Photo: Artists and fellow Potters’ Guild members Suzon Anne Tremblay and Sherry Petryshyn. The pair having been having a great deal of fun with their masks. Tom Summer, Local Journalism Initiative

By Tom Summer, Local Journalism Initiative

Published Nov 09, 2021

Mysterious masks are lining the walls this month at Peace Gallery North, the handiwork of artists Suzon Anne Tremblay and Sherry Petryshyn.

The pair have been crafting the unique and visually striking masks since 2019, as the exhibit was intended to be on display long before the COVID-19 pandemic hit.

Irony is not lost on either Tremblay and Petryshyn, as humanity has entered a strange time where wearing masks is part of everyday life, making for an ideal time to share their artistry with the public.

Globule’ by Suzon Anne Tremblay, which she says was inspired by a pufferfish. 

Petryshyn is a long-time member of the North Peace Potter’s Guild and says she’s been deeply enjoying her time building the cla- fired masks, experimenting with different colours, shapes, and textures to convey emotion, much like Greek theatre masks of old – between tragedy and comedy.

“With me, the building seems to just happen. You might end up with tragedy or comedy, it’s hard to tell as you’re building and molding the clay,” says Petryshyn, who is happy to let the art take on a life of its own.  

Mask #32′ by Sherry Petryshyn, inspired the Greek theatre masks of ancient times.

The process has been very therapeutic, and builds off ideas from a solo show in 2017, which also featured masks, she says.

“We’ve glazed and painted them, and added in embellishments. I try to keep mine in groups of three, and you get so many ideas that you’re starting the next one as you’re thinking of the last one,” Petryshyn says. “The more you do it, the more ideas you get. It’s exciting.”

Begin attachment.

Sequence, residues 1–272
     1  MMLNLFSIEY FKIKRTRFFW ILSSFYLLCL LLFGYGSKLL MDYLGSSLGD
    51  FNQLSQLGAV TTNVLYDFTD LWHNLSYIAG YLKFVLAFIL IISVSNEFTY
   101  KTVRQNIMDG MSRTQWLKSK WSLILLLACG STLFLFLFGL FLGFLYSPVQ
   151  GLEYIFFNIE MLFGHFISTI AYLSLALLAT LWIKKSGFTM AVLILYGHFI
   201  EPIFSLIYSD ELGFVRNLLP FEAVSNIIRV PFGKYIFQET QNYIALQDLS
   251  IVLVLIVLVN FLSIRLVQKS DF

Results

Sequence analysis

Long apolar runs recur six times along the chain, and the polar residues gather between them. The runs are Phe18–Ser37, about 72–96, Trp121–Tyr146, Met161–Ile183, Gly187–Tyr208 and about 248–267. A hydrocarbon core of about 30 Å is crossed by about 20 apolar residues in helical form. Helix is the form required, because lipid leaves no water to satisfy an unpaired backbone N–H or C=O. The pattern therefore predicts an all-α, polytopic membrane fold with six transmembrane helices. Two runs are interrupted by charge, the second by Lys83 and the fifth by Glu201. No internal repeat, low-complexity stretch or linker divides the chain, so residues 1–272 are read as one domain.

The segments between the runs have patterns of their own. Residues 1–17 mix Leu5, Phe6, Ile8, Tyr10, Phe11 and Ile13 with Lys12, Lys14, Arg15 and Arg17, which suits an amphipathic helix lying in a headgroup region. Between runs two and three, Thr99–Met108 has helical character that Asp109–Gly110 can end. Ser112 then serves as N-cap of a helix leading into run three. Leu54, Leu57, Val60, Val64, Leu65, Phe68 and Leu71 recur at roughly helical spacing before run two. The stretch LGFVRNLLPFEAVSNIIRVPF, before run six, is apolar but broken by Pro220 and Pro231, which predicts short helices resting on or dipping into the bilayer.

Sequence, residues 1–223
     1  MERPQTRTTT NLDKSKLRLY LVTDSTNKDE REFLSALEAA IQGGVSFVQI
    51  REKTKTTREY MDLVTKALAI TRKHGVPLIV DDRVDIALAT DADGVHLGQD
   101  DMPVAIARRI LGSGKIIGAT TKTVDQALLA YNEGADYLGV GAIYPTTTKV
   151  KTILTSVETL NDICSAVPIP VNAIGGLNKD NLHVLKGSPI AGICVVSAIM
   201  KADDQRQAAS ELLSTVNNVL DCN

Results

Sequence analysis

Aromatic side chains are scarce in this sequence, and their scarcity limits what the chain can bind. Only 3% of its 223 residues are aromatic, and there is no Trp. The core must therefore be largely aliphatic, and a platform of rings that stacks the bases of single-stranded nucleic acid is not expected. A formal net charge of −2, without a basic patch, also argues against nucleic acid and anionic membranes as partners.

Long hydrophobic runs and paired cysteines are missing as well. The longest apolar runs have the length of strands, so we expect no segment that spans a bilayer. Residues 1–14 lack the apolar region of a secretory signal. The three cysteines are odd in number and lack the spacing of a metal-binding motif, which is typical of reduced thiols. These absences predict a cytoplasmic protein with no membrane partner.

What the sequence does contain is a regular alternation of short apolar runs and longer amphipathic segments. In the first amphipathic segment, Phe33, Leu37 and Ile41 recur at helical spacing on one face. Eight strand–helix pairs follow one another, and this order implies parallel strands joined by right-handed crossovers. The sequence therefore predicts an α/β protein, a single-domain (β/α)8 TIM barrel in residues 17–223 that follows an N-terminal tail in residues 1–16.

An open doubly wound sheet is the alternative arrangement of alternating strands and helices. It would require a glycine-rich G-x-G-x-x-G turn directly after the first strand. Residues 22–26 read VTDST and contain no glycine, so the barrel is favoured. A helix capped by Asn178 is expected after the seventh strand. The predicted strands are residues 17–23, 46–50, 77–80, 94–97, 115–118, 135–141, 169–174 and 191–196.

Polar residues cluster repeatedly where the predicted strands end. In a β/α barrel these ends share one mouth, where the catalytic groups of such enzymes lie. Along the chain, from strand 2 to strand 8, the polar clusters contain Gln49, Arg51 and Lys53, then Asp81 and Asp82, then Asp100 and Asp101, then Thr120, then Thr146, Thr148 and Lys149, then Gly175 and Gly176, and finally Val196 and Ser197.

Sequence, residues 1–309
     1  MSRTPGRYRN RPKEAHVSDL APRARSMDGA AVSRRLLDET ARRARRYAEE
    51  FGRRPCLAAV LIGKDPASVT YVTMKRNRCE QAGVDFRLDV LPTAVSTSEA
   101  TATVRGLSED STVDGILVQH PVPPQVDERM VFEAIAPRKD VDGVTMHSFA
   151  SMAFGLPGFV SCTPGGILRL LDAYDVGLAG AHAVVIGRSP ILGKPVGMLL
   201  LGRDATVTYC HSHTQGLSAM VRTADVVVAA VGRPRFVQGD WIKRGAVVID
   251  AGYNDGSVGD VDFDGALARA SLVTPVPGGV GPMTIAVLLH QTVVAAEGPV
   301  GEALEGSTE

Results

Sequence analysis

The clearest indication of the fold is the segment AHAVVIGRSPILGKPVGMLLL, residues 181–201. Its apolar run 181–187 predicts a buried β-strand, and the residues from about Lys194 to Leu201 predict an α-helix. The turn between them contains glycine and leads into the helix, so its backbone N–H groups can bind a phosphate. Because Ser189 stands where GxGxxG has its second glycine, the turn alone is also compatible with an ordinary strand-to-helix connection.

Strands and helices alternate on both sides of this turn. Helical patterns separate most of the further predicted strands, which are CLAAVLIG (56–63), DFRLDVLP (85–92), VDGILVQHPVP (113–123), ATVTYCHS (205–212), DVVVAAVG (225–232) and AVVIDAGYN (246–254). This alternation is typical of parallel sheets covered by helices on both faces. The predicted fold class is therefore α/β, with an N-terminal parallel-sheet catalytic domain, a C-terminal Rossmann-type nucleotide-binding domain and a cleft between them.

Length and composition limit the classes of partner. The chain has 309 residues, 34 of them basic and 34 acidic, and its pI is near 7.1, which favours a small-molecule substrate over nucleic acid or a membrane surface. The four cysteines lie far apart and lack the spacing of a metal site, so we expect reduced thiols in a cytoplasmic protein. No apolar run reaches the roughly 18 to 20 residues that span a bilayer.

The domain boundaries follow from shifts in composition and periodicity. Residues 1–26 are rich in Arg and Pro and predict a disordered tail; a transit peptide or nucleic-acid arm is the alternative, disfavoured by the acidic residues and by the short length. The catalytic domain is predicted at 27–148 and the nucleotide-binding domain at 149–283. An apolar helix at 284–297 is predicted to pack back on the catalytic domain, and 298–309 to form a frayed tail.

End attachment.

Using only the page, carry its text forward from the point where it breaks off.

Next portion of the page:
‘Mask #45’ by Sherry Petryshyn, another in a long line of experiments, paying with glaze and colour.

Also a member of the Potter’s Guild, Tremblay taught art at Ecole Central for 21 years before retiring. Many of her masks are inspired by nature and travels around the globe, incorporating ideas from animals, other cultures, and everyday life.

“There’s a few that have feeling, but mostly it’s just having fun with the clay. I integrate a lot of elements in the final pieces,” says Tremblay. “I’ve travelled around the world, so there are some here with inspiration from India, Morocco, North Africa.”

‘Raw’ by Suzon Anne Tremblay, a mask of a mask, created from radiation shielding used when she beat throat cancer in 2005.

Tremblay says it’s been wonderful to be able to dedicate more time into personal projects, as the pair plans to return with more masks in another two years.

Masks is on display until Nov. 27 at Peace Gallery North in the North Peace Cultural Centre.

This item is reprinted with permission from Alaska Highway News. See article HERE.

If you wish to comment on this story, click HERE for the Discussion Board at